To many observers, GEMA was a party within KANU.  Drawing its membership from key KANU personalities, this movement had strong links within the single party establishment.  While this was its strength, it was also its undoing.  Indeed GEMA aspirations especially on economic and social advancement won favor with the government of the day.  This was however not to be so with the political ambitions of the group which had become very dominant to the point of  almost overshadowing  the national party. 

While in the 1970s GEMA was very strong, with the demise of the first President Jomo Kenyatta and the rise to power of Daniel Arap Moi, its political power-broking waned.  With the enactment of Section 2A of the Constitution of Kenya in 1982, the state became a ‘de jure’ one-party state thus blocked all avenues of political expression. Movements of ethnic affiliation were thrown into oblivion as the state machinery suppressed all forms of extra-governmental popular opinion. 

The 1980s saw Kenya reduced to an authoritarian system of government  and hence social mobilization of any sort was suppressed.  Indeed the ethnic movements of the pre-independence period and even those of the immediate post-independence period were proscribed.  Civil society was completely suppressed.  Pressure groups that raised voices or whispered were ruthlessly crushed.  Detention without trial became rife as the state consolidated its authority.  Such Non-Governmental Organizations and welfare groups as the Maendeleo Ya Wanawake, a women’s organization, while not proscribed, were duly incorporated into the ruling party.  Indeed, the latter has since operated as the Party’s Women’s Wing.  Any form of social mobilization was subsequently mitigated.  This kind of overt suppression and derailment of the democratic process was however not to last long and fissures soon began to show in the political fabric.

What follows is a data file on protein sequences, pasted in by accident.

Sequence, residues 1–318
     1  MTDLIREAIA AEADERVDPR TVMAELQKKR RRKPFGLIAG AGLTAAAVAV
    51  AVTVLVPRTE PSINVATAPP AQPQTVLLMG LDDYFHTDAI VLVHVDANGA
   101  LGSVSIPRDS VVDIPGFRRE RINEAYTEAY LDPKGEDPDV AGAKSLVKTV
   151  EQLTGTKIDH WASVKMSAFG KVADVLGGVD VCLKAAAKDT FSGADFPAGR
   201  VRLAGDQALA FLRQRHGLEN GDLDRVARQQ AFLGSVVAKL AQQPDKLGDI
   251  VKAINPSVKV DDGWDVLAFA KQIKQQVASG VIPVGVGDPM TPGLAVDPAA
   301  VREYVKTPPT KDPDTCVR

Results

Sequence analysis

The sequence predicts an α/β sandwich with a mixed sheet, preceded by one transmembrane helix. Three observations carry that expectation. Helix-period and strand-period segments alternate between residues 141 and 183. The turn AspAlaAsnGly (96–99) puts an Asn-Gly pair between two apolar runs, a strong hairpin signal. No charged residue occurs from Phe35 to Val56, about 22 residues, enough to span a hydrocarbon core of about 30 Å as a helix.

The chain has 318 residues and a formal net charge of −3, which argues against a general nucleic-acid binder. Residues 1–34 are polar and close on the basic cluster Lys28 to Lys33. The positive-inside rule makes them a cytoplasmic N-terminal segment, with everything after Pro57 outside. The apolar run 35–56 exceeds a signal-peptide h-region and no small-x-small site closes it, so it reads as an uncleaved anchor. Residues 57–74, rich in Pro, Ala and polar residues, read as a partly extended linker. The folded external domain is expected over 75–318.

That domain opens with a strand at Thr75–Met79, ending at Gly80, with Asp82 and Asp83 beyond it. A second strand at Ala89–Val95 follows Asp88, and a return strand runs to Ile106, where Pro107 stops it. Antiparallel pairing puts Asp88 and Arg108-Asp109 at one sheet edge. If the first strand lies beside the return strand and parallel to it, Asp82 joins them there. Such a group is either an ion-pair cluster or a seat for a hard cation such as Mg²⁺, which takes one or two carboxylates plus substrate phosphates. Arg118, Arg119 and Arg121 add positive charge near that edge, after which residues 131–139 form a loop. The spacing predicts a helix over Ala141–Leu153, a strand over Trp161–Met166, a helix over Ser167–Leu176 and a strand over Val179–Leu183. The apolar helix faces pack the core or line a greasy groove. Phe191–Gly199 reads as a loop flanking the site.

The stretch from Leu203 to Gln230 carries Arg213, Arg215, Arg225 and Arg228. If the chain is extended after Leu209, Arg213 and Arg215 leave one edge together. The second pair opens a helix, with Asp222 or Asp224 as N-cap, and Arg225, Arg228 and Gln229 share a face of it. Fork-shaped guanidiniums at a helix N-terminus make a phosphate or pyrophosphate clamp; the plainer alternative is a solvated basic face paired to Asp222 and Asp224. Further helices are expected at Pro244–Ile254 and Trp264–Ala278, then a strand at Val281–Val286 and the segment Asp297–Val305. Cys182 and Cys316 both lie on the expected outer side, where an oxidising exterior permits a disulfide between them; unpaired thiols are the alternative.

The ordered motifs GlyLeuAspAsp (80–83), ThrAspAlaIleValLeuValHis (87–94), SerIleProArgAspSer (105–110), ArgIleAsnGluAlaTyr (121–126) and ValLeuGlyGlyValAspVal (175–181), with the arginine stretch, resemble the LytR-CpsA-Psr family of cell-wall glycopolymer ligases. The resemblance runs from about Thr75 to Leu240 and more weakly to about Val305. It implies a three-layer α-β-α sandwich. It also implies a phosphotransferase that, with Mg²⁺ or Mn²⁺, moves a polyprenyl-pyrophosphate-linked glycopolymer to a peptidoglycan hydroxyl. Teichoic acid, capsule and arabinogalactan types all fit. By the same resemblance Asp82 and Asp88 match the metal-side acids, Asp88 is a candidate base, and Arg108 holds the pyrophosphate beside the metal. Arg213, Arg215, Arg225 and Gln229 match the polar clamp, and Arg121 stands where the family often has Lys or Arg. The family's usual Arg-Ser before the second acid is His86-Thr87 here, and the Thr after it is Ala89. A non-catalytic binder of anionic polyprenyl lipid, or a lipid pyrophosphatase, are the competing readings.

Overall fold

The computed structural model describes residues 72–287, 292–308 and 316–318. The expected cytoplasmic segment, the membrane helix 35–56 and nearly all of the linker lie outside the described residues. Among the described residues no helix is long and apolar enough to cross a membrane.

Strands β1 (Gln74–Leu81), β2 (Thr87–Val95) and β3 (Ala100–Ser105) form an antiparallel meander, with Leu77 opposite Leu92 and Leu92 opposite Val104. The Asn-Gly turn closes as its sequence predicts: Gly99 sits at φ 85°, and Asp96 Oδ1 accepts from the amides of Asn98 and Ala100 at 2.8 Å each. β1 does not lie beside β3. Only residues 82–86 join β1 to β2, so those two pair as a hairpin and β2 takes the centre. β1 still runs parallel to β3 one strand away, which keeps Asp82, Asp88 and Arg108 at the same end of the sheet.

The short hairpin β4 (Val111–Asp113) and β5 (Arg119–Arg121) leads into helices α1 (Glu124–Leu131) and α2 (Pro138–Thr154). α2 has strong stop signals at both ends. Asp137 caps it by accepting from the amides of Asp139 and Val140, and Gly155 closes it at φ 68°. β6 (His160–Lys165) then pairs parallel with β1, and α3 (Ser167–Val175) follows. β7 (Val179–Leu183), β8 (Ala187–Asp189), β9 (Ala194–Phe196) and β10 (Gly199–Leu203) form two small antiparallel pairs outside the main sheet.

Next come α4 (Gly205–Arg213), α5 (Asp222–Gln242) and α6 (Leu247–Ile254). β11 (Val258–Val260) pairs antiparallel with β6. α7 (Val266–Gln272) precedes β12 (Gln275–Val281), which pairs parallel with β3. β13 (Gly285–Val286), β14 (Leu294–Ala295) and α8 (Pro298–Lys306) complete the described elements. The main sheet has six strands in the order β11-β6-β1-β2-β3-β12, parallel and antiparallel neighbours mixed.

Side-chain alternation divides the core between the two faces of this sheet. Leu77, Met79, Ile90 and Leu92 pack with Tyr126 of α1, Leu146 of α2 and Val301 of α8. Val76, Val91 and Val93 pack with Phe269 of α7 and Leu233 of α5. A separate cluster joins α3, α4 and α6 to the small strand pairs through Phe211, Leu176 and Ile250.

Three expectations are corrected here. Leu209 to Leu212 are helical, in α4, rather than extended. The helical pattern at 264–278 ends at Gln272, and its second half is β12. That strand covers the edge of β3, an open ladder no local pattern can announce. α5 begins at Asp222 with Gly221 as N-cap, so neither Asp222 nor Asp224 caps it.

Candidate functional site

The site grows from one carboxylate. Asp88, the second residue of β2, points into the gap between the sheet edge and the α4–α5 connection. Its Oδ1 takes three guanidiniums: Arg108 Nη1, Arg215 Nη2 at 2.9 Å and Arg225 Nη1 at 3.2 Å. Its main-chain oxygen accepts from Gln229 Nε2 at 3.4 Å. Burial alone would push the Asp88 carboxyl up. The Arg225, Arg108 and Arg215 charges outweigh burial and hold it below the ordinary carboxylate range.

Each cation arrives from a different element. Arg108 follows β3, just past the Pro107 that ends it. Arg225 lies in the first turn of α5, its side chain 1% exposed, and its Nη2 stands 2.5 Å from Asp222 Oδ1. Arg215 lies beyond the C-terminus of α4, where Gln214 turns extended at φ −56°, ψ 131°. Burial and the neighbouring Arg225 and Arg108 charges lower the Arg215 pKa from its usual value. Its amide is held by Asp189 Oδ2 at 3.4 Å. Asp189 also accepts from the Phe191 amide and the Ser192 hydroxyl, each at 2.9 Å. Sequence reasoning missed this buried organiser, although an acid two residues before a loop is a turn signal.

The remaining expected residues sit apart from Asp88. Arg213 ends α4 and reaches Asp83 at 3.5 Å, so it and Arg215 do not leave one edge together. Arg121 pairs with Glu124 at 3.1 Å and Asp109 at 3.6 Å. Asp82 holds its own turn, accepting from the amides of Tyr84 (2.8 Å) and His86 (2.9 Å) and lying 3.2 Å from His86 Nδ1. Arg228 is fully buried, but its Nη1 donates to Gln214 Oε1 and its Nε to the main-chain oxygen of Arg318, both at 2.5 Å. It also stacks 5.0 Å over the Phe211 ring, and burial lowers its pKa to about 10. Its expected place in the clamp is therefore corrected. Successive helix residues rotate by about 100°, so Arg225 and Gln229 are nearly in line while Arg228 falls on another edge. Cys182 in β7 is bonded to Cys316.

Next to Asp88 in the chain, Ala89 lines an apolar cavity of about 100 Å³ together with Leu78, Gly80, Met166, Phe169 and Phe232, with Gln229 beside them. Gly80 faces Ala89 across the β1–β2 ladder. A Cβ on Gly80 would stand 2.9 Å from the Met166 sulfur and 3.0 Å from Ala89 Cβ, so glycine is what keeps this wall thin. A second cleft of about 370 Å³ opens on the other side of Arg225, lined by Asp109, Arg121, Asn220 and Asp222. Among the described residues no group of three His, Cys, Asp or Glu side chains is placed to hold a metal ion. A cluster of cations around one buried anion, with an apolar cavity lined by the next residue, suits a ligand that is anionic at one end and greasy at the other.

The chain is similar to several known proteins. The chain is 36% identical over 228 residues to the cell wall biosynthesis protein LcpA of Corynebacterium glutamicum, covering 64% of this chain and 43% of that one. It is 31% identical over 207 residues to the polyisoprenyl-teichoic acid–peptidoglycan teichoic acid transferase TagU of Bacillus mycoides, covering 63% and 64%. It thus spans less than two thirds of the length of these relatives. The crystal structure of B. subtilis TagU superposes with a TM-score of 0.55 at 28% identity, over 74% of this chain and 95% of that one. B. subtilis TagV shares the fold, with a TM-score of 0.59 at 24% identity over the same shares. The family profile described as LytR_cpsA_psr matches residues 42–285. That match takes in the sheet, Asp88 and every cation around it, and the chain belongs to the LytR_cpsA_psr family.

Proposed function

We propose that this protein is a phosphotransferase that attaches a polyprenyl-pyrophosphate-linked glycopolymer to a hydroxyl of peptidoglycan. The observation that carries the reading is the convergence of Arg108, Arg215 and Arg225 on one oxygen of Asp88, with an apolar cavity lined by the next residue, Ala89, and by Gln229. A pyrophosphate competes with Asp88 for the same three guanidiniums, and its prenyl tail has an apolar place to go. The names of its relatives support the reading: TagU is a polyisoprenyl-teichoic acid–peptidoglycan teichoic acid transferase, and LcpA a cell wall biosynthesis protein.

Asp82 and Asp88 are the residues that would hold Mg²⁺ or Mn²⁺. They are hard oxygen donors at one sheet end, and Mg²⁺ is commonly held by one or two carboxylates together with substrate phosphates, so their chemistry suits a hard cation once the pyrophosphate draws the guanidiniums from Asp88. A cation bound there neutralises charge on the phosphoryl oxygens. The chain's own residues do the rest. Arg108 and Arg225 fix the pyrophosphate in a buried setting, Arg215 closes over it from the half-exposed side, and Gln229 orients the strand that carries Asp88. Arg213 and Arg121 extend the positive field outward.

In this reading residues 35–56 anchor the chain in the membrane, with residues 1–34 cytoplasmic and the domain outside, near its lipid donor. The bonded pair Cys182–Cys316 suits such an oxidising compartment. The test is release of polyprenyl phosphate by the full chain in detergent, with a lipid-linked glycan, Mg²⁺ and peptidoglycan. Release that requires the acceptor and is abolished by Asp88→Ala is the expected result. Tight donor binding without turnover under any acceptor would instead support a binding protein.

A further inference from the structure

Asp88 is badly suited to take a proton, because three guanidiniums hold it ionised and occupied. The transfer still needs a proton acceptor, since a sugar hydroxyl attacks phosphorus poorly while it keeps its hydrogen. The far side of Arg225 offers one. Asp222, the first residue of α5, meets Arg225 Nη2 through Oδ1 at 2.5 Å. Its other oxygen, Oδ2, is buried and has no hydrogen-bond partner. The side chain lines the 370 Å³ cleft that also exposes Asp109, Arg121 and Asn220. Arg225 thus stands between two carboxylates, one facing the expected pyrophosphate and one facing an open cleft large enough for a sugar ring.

Reintroduction of Multipartism 1990
The Political and Social Dynamics

The transformation of Kenya into a ‘de jure’ multi-party system following the repeal of Section 2A of the Constitution in 1990 brought a lot of euphoria to the masses who saw this as the right step towards a true democracy.  It could be said that most Kenyans envisaged a future democratic country with a political system that would encourage and make possible free and voluntary popular participation in the political system. 

What followed the repeal of Section 2A was a multiparty election that saw KANU return to power with majority seats in the National Assembly.  Although the multiparty elections had opened up the environment for political participation, especially in the legislative assembly, the freer society that had been envisaged by the majority of Kenyans was not to be realized.  In response to this disillusion, social mobilizations heightened to press for a more democratic plural system. 

It is hard to establish the point at which the road to pluralism began.  Several views abound with some people arguing that the massively rigged elections of 1988 served as an eye opener to many Kenyans about the excesses and abuses of power by the then single party KANU.  Others hold the opinion that the process had started even earlier, when in 1982, the late Oginga Odinga and one Mr. George Anyona attempted to form a political party, the Kenya African Socialist Alliance (KASA), an attempt that was quickly repulsed by Parliament through the enactment of Section 2A of the Constitution, transforming Kenya into a de jure one-party state.  Throughout this period of the 1980s, political awareness continued to grow despite the attempts by the government to resist criticism and opposition through such draconian measures as detaining opponents without trial.